Photo taken from DBM SARO sheet.


1. Elbit Systems THOR Mutirotor VTOL Mini UAS – the most plentiful in terms of number of UAVs ordered by the Philippine Army. The Thor is a quad-copter-type UAV, one of the newest products in Elbit Systems’ line of UAVs, and is ideal for low altitude observation and taking footage.

The Thor is ideal in operations on urban areas, as it can fly around corners and hide within the urban terrain, and is operable even on non-line of sight conditions. It is also very portable due to its size, and can be transported by 1 man in a portable hard backpack as shown on the photo below.

Several hundred units were ordered by the Philippine Army.




The Elbit Systems THOR multirotor mini UAV. Photo taken from Elbit Systems' website.


2. Elbit Systems Skylark 1 – LEX Fixed Wing Mini UAS – the system uses a small fixed-wing mini UAV that is good for covert aerial intelligence surveillance and reconnaissance (ISR) missions in support of in theatre operations. 

It allows units to get high-resolution real-time surveillance videos in both day and night operations. Its effective range of operating within 40 kilometers of Line of Sight with the operator, plus its ability to use secured and encrypted communications allows it to be used on low to medium threat environment with ease.

Several dozen units were ordered by the Philippine Army.



The Elbit Systems' Skylark 1-LEX mini fixed wing tactical UAV. Credits to original sources of photos.



 3. Elbit Systems Skylark 3 Fixed-Wing Light UAS – first unveiled by Elbit Systems in 2016, it was intended to support brigade or division level units, it has an operating range of up to 100 kilometers from the operator, and an endurance of up to 6 hours flying time. It is capable of carrying up to 10 kilograms of payload, usually electro-optical infrared cameras, sensors, and surveillance equipment.

It is also highly capable in providing target detection and classification, which allows units to properly identify enemy units while also allowing the use of data for artillery and airstrike coordination.

Due to its size, it is required to be transported using light land vehicles, and launched by a pneumatic launcher, similar to the Insitu ScanEagle UAVs operated by the Philippine Air Force and the MAG Super Swiper II UAVs of the Philippine Marine Corps.

Several units were ordered by the Philippine Army.



The Elbit Systems Skylark 3 light tactical UAV. Credits to original sources of photos.



4. Elbit Systems Hermes 450 Tactical Medium Altitude Long Endurance UAS – this UAV is one of the most successful large UAVs in the market, and has been used in combat missions especially in the Middle East.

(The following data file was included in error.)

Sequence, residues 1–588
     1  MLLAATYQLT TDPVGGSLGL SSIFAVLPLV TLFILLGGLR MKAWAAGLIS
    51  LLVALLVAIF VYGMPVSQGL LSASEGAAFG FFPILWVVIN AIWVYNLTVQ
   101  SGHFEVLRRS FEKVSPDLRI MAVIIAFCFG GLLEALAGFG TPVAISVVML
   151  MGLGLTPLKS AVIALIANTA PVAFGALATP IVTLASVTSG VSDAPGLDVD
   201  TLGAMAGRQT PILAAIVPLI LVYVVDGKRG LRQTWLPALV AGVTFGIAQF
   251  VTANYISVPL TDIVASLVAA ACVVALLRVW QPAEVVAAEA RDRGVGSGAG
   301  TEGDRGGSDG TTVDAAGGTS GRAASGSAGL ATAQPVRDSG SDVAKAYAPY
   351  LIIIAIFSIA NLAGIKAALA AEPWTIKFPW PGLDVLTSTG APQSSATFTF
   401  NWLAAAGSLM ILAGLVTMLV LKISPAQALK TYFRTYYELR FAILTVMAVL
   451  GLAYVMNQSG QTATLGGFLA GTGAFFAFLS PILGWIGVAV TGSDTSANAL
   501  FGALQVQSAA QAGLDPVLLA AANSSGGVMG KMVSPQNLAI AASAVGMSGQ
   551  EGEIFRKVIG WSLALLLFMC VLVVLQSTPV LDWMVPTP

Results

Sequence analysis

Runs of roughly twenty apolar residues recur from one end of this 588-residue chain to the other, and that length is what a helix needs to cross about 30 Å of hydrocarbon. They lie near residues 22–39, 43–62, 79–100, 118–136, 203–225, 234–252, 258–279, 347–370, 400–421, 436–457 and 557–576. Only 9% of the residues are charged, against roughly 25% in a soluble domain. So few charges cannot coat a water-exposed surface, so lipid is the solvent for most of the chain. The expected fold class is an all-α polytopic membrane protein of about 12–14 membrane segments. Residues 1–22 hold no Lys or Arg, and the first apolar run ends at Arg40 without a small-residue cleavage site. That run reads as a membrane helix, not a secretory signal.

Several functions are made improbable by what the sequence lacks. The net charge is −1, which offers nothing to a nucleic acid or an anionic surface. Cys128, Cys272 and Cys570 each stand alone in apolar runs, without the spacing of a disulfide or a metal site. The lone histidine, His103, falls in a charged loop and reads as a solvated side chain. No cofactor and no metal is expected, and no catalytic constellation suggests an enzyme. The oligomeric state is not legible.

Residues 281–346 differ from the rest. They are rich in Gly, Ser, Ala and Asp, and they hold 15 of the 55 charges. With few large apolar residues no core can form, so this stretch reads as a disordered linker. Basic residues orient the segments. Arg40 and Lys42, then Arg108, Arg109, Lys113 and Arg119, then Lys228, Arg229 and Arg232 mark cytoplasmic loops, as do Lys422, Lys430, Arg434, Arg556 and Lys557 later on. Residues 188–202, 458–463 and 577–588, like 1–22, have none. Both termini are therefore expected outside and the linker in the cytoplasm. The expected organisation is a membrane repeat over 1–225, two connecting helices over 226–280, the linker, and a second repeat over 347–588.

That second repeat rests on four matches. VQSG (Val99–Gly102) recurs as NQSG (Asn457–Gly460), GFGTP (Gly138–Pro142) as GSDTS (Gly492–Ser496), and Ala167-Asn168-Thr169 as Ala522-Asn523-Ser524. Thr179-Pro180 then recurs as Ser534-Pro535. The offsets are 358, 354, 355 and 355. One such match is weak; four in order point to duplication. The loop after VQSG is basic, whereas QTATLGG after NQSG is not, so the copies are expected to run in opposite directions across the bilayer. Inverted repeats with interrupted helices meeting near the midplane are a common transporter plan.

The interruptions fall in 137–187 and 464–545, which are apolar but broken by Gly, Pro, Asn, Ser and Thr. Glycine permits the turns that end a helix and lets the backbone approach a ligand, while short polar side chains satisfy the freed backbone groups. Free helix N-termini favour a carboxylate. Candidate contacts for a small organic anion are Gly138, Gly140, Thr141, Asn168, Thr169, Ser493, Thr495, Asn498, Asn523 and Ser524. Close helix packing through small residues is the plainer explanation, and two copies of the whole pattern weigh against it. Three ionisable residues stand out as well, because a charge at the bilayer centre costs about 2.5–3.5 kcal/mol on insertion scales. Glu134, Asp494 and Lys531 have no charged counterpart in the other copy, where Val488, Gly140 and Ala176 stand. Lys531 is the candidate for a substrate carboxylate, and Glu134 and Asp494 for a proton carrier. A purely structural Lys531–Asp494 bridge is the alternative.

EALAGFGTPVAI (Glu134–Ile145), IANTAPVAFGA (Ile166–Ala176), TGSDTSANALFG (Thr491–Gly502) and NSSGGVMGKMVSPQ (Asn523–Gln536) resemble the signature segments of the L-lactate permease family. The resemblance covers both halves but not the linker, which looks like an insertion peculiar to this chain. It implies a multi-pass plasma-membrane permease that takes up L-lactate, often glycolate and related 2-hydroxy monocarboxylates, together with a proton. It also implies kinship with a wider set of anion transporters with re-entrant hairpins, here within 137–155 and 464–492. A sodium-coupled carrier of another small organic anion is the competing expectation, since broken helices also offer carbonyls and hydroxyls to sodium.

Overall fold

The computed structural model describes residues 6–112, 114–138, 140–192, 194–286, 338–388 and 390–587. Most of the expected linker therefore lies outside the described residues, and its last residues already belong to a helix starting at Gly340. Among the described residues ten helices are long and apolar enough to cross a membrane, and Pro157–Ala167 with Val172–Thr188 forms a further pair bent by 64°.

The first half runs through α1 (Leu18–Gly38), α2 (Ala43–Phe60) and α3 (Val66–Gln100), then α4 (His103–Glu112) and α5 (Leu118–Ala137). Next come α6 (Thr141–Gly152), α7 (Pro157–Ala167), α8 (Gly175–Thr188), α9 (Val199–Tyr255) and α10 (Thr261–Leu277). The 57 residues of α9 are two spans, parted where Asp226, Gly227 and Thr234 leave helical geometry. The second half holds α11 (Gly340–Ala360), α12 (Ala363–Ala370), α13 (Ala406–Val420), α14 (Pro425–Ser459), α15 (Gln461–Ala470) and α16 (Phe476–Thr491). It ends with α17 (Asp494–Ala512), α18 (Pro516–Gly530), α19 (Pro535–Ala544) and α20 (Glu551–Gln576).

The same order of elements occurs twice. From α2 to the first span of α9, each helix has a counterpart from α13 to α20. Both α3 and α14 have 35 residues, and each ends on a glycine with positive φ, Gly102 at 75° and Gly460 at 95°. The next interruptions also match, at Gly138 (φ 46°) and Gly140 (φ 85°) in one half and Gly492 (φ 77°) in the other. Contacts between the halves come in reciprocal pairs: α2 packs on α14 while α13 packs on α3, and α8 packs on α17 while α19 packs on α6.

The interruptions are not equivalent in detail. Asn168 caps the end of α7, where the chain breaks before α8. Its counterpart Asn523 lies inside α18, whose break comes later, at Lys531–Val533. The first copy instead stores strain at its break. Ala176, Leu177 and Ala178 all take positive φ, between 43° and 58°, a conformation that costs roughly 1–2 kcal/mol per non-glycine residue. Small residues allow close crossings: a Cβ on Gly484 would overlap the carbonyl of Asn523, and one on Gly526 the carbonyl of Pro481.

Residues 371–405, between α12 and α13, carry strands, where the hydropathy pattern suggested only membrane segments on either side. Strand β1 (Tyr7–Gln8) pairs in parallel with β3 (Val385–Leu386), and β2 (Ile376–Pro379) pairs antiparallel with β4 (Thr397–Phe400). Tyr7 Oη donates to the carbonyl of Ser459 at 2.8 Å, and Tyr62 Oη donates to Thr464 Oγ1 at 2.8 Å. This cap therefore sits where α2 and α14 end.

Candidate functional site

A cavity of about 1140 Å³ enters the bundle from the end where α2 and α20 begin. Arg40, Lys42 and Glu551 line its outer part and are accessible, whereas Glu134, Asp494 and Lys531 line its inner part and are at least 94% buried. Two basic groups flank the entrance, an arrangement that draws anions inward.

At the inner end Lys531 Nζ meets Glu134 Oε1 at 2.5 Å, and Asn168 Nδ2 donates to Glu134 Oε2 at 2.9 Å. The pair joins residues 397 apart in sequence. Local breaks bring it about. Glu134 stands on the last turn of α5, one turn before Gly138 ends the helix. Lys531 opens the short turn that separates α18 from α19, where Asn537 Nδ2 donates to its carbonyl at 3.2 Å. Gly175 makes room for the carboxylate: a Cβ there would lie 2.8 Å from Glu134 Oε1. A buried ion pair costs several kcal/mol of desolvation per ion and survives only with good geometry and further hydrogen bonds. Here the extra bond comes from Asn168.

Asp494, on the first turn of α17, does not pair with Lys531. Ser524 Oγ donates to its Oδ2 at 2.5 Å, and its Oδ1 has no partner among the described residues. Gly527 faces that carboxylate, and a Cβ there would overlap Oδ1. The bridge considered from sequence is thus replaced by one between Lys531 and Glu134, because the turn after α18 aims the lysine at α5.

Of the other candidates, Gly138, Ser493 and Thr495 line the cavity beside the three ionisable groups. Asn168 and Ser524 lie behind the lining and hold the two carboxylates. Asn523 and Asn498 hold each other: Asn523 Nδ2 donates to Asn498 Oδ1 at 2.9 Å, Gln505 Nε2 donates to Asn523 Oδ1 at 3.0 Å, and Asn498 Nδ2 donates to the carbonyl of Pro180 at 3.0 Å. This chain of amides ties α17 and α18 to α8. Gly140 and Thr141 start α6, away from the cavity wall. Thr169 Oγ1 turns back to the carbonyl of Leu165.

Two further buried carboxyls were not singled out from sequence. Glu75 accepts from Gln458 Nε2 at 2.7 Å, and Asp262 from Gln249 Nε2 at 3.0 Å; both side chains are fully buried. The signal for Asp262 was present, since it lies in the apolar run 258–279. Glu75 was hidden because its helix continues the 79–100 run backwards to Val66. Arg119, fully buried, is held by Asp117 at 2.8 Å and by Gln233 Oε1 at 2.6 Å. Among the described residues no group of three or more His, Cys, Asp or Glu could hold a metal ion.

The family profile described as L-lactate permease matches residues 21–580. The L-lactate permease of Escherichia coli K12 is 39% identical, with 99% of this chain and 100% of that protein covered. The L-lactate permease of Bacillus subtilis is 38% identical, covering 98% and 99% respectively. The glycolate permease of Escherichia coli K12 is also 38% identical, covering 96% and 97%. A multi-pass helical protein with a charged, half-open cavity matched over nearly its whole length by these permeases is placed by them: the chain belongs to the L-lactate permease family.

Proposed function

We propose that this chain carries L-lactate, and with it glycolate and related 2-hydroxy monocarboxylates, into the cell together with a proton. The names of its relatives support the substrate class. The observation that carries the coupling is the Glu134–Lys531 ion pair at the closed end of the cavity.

The Hermes 450 allows a wide variety of payloads while being able to operate over larger areas over long period of time. Aside from surveillance, the Hermes 450 allows other capabilities including target acquisition, use of synthetic aperture radar for remote sensing and imaging, intelliegence gathering including Electronic Intelligence (ELINT), Communication Intelligence (COMINT) and Signal Intelligence (SIGINT), Hyper-Spectral imaging, and other requirements.

Another advantage of the Hermes 450 is that the Philippine Air Force (PAF) also ordered it as part of their own Unmanned Aerial Systems (UAS) Acquisition Project, which means commonality and inter-operability between the two branch services of the Armed Forces of the Philippines (AFP).


  
The Elbit Systems Hermes 450, which was already ordered by the Philippine Air Force as part of their own Unmanned Aerial Systems Acquisition Project. Top photo is an actual Hermes 450 bound for the PAF during its testing last year, while bottom photo was taken from submitted offer to AFP. Both photos exclusively shared to MaxDefense by sources from the Philippine Air Force and AFP.


This new UAS acquisition is increasing the number of UAVs in service with the entire AFP. It would be remembered that the Philippine Air Force received the Insitu ScanEagle 2 UAS from the US government several months ago, with the Pentagon announcing another 8 units coming soon. The Philippine Marines also received the MAG Super Swiper 2 light tactical UAVs in 2017. The ScanEagle 2 and Super Swiper 2 UAVs are the same category as the Skylark 3 UAV ordered by the Philippine Army,

The Philippine Marines also has a few RQ-11 Raven tactical hand-launched mini UAVs that are similar to the Skylark 1-LEX ordered by the Philippine Army. These were granted by the US government as part of US Military Assistance to the Philippines.



The Philippine Air Force and the Philippine Marines also have Level 2 UAVs in service, the Insitu Scan Eagle 2 (top) and the MAG Super Swiper 2 (above), respectively. Photos credited to original owners.



Clarifications on Earlier Media Reports from Israel's Globes:

MaxDefense wishes to clarify the report made by Israeli business news outlet Globes, wherein it mentioned that the Elbit Systems was about to sign a US$180 million deal with the Philippines to supply the Hermes 450 and Hermes 900, and the Skylark 1 and Skylark 3 UAVs to the Philippine Army.

The report was partially right, since the deal between the Department of National Defense (DND) and Elbit Systems involved the delivery of Hermes 450, Skylark 1 and Skylark 3 UAVs to the Philippine Army.

But it appears that the contract amount was too high, which Globes indicated to be at around US$180 million (around Php9.5 billion), when the contract amount was only around Php5.4 billion (around US$102 million).